Two weeks ago we visited Giannotti’s Italian Kitchen in Robesonia. It was an alright meal, but we were certainly hoping for something better.
I always feel guilty about writing less-than-stellar reviews because that’s not why I write these blogs. I know that there are items on the menu that I would love, but I can only write about what I ate and the experience that I had.
On the same weekend that I visited my old hometown, I made a visit to another Giannotti family establishment: Giannotti’s Country Manor.
Giannotti’s Country Manor is just a short drive north of the city along Route 12, right next to Chatty’s, another restaurant that we’ve visited, and almost across the street from the original Muddy’s location.
It was a beautiful Friday night so we decided to enjoy our meal out on the patio. The dining rooms were empty as it seemed everyone who came in either grabbed a seat at the bar or took their meal outside.
The traffic on Route 12 wasn’t too loud to bother us. The only time that we wished to be inside was when a guy pulled up in a bright yellow, 1930s-era pickup truck that was spitting exhaust across the patio.
One thing that’s clear right away is that Giannotti’s Country Manor is not an Italian restaurant. Sure there are a few pasta dishes and pizzas, but the menu highlighted their steaks and seafood.
While we waited for our meals, the first thing to arrive was our bread basket, a nice sized loaf of Italian bread. It was excellent. I always appreciate good bread before the meal, especially on a night when we were both extra hungry.
Both of our meals came with starter salads, but we could have easily done without them. A pair of cherry tomatoes, some croutons and a little bit of red onion were the only additions to the lettuce.
I had a hard time making a decision for my entree, but finally settled on Giannotti’s “often imitated, never duplicated” prime rib (which is only available Thursday through Sunday).
The prime rib is available in two sizes – 16-ounce and the King size 24 ounce. I wasn’t feeling very regal so I stuck with the one-pounder.
It looked massive compared to the cup of au jus that shared the plate. It was also really moist, to the point where the plate was wet all around.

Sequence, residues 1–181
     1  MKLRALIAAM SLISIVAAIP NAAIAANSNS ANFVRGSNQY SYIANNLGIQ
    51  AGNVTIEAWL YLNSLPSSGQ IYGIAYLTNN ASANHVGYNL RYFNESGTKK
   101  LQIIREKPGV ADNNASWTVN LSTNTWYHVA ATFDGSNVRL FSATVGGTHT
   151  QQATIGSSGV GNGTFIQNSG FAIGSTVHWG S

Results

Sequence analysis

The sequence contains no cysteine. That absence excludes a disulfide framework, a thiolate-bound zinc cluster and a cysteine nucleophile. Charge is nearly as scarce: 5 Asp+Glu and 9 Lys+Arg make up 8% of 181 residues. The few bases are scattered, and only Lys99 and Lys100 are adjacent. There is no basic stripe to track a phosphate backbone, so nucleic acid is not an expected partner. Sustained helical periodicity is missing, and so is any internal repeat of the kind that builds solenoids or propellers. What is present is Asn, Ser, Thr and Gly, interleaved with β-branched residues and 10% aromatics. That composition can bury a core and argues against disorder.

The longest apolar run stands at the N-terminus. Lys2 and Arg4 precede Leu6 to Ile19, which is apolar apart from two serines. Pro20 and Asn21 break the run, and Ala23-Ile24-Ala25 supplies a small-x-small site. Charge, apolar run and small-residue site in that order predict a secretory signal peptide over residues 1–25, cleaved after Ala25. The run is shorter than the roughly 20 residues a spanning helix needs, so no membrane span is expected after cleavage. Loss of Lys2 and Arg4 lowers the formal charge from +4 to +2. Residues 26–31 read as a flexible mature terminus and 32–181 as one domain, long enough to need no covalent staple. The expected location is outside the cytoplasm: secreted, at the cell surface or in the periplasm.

I sliced off my first piece and dipped it in the au jus, and have to say that it tasted better than it looked. It was on par with a good French dip sandwich. Not the best prime rib I have ever eaten, but solid.
My only problem was that there was just so much of it. Even without touching the fatty chunks, there was a half-pound of meat on the plate.
Plus all entrees come with two sides so I had a plate of steak fries and a cup of applesauce to get through as well. At this point the salad seemed completely unnecessary.
The steak fries were good, but nothing special. I’m guessing they’re not homemade, but I still made them disappear.
Normally I wouldn’t even mention applesauce when I get it, but I really enjoyed it here. It had a sweeter, almost caramel flavor to it that was better than the typical side.
While I went turf with my dinner, Julie went surf with hers, ordering the 8-ounce lobster tail, the smallest of the three sizes available.
Julie reminded me that she had lobster on the beach in Malibu once. This wasn’t the same, but she enjoyed it for what it was: a seafood dish served in the hills of Berks County.
Neither of us had any thoughts of dessert when we were finished. We were more concerned with divvying out what we were taking home with us.
The bill for the day came in at around $50 for the two of us (the lobster is market price so it could be more or less on any given day).
Giannotti’s Country Manor had its share of really good and okay items. That’s to be expected at a restaurant that has such a large menu.
The trick is to find something you enjoy. Because the only thing that matters is whether you enjoyed it.